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Whistler's watermarks

A bishop’s crosier watermark
The Cantons of the Helvetian confederation

 

'The doctor' 1894 lithograph Collection of the National Gallery of Australia 'The doctor' 1894 lithograph Collection of the National Gallery of Australia more detail

An ornate version of the 'Bishop’s crosier' watermark presents the staff surrounded by the escutcheons of the 12 Swiss cantons which were the foundation members of the Helvetian confederation. A fine example is in the National Gallery of Australia' collection, in Whistler’s transfer lithograph The Doctor (1894), a seated figure study of the artist’s brother William (younger by three years and held in life-long affection).

Tschudin illustrates 128 versionsof the 'Bishop’s crosier' watermark and emblazons it in gold on the cover of The Ancient Paper-Mills of Basle and their Marks.1 He lists the source papers bearing the 'bishop’s crosier' watermark as ranging in date from 1522 to 1830, emanating from mills in Switzerland, Germany, France and the Netherlands.2

The majority of mills using the 'Bishop’s crosier' watermark were of Basel, many in the St. Albantal enclave in the upper part of the grounds of the monastery of St. Alban (founded in 1083, a remnant of which survives). In these grounds 12 mills were operated by 22 generations of papermakers over roughly five centuries.

Early makers at St. Albantal included the Heuslers, the Dürrs and the Dürrings – dynasts all , who through intermarriage and multiple exchanges of mills, held centre stage on the Basel scene from the 16th to 18th centuries. The mills were powered by water from the upper St. Alban canal, fed from the Birs, a minor stream which flowed into the Rhine.

The papermakers of Basel (also known as Basle) occasionally protested against the use of ‘their’ crosier watermark by papermakers elsewhere; though the Basel papermakers were known to have appropriated motifs of makers in Berne and Frankfurt.3

image: Drawn illustration of The Cantons of the Helvetian Confederation watermark Drawn illustration of 'The Cantons of the Helvetian confederation' watermark

The Art Institute of Chicago's publication The Lithographs of James McNeill Whistler includes a drawn illustration of the version of the 'bishop’s crosier' watermark (featuring the escutcheons of the cantons) that appears under The Doctor.4

The Doctor has a sad genesis. It was drawn by Whistler in Paris (where the Whistler's resided), when Doctor William Whistler came to call on the artist's wife Beatrix. He diagnosed cancer. Nonetheless, the artist came to admire the image, so much so that he asked his printer to increase the edition from 12 to 30 proofs.5

The Lithographs of James McNeill Whistler does not offer a maker of or a date for the paper on which The Doctor is printed, however it is evident from one of the publication's illustrations6 that fibre pulp has flocked along the chain lines, indicating the sheet was 'antique laid' (ie formed on a single-faced mould), therefore made before the introduction of double-faced moulds late in the 18th century.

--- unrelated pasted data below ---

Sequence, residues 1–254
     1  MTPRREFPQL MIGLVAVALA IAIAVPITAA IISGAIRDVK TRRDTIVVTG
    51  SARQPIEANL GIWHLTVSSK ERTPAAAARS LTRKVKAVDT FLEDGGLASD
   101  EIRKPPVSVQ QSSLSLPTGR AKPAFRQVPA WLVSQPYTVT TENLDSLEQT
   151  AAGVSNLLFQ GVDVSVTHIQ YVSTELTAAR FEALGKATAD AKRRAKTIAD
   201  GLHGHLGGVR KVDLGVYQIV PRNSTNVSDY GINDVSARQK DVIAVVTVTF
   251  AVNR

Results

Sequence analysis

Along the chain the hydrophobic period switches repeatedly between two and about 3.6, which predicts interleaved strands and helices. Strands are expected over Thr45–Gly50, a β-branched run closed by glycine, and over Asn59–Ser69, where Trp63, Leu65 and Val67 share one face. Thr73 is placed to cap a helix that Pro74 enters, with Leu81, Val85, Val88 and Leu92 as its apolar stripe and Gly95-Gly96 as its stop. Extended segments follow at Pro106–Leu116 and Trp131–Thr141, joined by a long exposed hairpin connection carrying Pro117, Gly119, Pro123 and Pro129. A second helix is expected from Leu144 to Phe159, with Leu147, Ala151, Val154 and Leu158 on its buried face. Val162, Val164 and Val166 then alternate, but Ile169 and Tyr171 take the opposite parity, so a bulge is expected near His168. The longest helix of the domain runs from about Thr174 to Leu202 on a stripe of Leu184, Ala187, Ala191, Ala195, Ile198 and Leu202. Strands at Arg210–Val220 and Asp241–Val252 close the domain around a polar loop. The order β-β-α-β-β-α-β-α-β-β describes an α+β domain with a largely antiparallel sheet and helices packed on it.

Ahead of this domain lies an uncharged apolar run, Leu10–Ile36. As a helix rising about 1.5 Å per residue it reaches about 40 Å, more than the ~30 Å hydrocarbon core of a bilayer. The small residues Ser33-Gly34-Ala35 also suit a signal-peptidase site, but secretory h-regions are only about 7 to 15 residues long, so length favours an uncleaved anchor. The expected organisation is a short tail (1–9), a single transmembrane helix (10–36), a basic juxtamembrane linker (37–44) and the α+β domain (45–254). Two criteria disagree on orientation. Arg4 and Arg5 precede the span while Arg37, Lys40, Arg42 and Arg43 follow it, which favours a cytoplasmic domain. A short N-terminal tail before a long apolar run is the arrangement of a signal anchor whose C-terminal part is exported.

Tschudin illustrates a version of the Swiss cantons watermark which is the same as that in The Doctor, except that two leafed branchlets sprout from the top of the watermark and there is a stylised hand at the centre of its base.7 He ascribes the type to a source document of 1759, made by the mill owned by the Dürrings at Saint Marie-aux-Mines.

Kassandra Coghlan and Bill Hamilton

Notes
1 Tschudin, WF, The Ancient Paper-Mills of Basle and their Marks, Hilversum: The Paper Publications Society 1958, pp.137–162.
2 Tschudin, WF, The Ancient Paper-Mills of Basle and their Marks, Hilversum: The Paper Publications Society 1958, p.36.
3 Tschudin, WF, The Ancient Paper-Mills of Basle and their Marks, Hilversum: The Paper Publications Society 1958, pp.129–131.
4 Spink, Nesta R, Stratis, Harriet K, and Tedeschi, Martha, in The Lithographs of James McNeill Whistler Vol.I: A Catalogue Raisonné, The Art Institute of Chicago, Chicago 1998, pp.341–343.
5 Spink, Nesta R, Stratis, Harriet K, and Tedeschi, Martha, in The Lithographs of James McNeill Whistler Vol.II: Correspondence and Technical Studies The Art Institute of Chicago, Chicago 1998, p.350.
6 Spink, Nesta R, Stratis, Harriet K, and Tedeschi, Martha, in The Lithographs of James McNeill Whistler Vol.II: Correspondence and Technical Studies The Art Institute of Chicago, Chicago 1998, p.350.
7 Tschudin, WF, The Ancient Paper-Mills of Basle and their Marks, Hilversum: The Paper Publications Society 1958, p.192.

 

 

A Bishop’s Crosier watermark